Divorces can be very complicated, especially when significant assets are at stake. One legal requirement for all divorcing couples is a full disclosure of all of their assets, including their income, debt and expenses.
In cases where one partner has greater wealth than the other, there may be a temptation to get creative when it comes to hiding assets to avoid losing them in the divorce.
For example, some spouses may decide to undervalue certain assets, understate their marital property or literally hide assets, such as by asking a trusted friend or family member to keep them until after the divorce. They may also report a lower income than they have or overstate their debts.
The temptation may be even greater in cases where the other spouse is already unaware of certain assets. The National Endowment for Financial Education reports that roughly 31% of adults who have assets with a spouse have lied about money within their marriage, and some spouses may believe that it would be easy to continue this deception in the divorce.
However, lying in a divorce proceeding is not just unfair–it is legally prohibited. When you sign a court document, you are agreeing that its contents are true and correct. Signing the Financial Affidavit that is required in divorce cases is akin to swearing that you have been honest and forthcoming about all of your finances, including your income, assets, debts, liabilities and expenses.
What Are the Consequences of Lying About Your Assets in a Divorce?
The penalties for hiding assets in a divorce vary according to the nature of the deception and the state. However, no matter where the divorce is finalized, anyone who engages in this practice will be considered in blatant contempt of court.
Should a judge discover that a person has knowingly violated asset disclosure laws, they could compel them to pay for their former spouse’s attorney fees, they may issue fines or they may choose to dismiss all of the claims made by the spouse who lied. In very serious cases, a person who has been found to have hidden assets in a divorce case may even face jail time.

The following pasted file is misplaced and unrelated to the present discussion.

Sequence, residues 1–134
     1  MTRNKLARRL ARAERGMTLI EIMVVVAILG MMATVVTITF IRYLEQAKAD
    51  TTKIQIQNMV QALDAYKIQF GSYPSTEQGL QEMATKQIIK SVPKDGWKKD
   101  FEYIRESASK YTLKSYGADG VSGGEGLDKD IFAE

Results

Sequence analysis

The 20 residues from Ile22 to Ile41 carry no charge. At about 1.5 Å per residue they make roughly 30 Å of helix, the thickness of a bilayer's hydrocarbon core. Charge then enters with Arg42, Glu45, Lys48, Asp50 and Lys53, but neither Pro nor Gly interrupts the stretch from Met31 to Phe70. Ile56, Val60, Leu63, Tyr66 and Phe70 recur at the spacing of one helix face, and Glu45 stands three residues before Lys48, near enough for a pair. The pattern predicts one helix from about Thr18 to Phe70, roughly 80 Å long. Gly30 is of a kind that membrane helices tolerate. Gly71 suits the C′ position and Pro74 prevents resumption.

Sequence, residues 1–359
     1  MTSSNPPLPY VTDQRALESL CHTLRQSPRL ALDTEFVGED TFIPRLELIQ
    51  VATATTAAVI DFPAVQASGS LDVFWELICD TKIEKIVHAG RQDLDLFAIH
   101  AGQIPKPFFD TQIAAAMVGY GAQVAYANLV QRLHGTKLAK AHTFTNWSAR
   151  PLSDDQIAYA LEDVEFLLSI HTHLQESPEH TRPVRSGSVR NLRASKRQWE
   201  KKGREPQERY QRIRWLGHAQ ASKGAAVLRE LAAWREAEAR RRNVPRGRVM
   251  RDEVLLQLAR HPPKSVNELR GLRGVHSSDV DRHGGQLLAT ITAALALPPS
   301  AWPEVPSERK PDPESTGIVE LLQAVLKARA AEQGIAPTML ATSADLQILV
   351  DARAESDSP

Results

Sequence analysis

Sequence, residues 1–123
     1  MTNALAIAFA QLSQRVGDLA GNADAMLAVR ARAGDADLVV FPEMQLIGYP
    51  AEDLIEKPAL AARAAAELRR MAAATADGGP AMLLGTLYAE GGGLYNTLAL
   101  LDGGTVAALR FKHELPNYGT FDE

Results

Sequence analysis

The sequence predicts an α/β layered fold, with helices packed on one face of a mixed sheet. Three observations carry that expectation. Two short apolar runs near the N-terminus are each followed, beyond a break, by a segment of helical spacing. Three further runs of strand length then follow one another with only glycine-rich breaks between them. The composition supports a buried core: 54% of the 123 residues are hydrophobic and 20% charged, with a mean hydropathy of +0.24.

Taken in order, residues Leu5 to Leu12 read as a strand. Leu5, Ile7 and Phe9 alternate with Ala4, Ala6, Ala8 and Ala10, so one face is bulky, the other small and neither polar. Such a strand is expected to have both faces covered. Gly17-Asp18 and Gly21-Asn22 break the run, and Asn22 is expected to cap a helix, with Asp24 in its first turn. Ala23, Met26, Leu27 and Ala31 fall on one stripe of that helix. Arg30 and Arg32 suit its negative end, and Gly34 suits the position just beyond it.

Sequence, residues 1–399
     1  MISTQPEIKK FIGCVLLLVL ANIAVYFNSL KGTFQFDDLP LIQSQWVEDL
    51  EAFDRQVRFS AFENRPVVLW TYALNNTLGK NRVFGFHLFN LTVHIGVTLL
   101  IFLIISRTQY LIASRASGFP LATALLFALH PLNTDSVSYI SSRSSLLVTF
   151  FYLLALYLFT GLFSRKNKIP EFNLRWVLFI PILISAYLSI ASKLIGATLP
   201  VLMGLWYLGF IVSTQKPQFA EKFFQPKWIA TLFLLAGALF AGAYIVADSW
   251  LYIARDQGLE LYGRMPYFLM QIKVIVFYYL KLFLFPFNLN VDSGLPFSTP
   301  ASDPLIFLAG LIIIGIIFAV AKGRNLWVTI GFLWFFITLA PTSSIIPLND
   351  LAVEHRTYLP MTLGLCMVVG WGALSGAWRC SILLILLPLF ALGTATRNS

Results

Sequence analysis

A judge may also require the guilty party to pay extra penalties and/or give the opposing spouse a larger distribution in the divorce settlement as opposed to the expected split a judge would have ordered in the absence of the deceit.
Lying about assets or attempting to hide them will cause you to lose all credibility and respect from your judge throughout your case and may give the judge reason to believe that you could be lying about other aspects of the divorce as well. Even if you lied about an asset that is considered relatively small, you will have a more difficult divorce after your deception is discovered.
How Can My Spouse Uncover Hidden Assets?
If your spouse suspects that you may be hiding assets, there are several ways that they could expose you. For example, they could hire a private investigator to observe your activities.
They may also hire a forensic accountant; these financial experts will scrutinize your family finances to determine if any money is being hidden and will uncover secret accounts. They may also be able to determine whether your expenses are greater than the income that you have claimed, which is a strong indicator that assets are being hidden.
In addition, during a divorce, courts allow both spouses to obtain certain types of information during the discovery phase. At this time, your spouse could subpoena your employer and other parties in order to obtain records and bank statements.
Once the divorce has been finalized, you could still be held responsible if your spouse discovers that you have hidden assets. For example, if discovered, after the fact, that you earned more money than you claimed in the divorce process, or sold a property that you owned during your marriage without your spouse’s knowledge, they may be able to file a motion in court related to the hidden asset and have your divorce case reopened.
How Can I Protect Specific Assets?
If there are assets that you want to protect during your divorce, hiding them is never the answer. Instead, you should work with a family law attorney who is experienced in high-asset divorces to legally protect what matters most to you.
Schedule a Consultation with the Maryland Divorce Attorneys at SIEGELLAW
If you are considering a divorce and significant assets will be at stake, it is essential to enlist the services of family law attorneys who understand the complex matters involved in these cases. To learn more about protecting your assets in a divorce, schedule a consultation with the experienced Maryland divorce attorneys at SIEGELLAW today.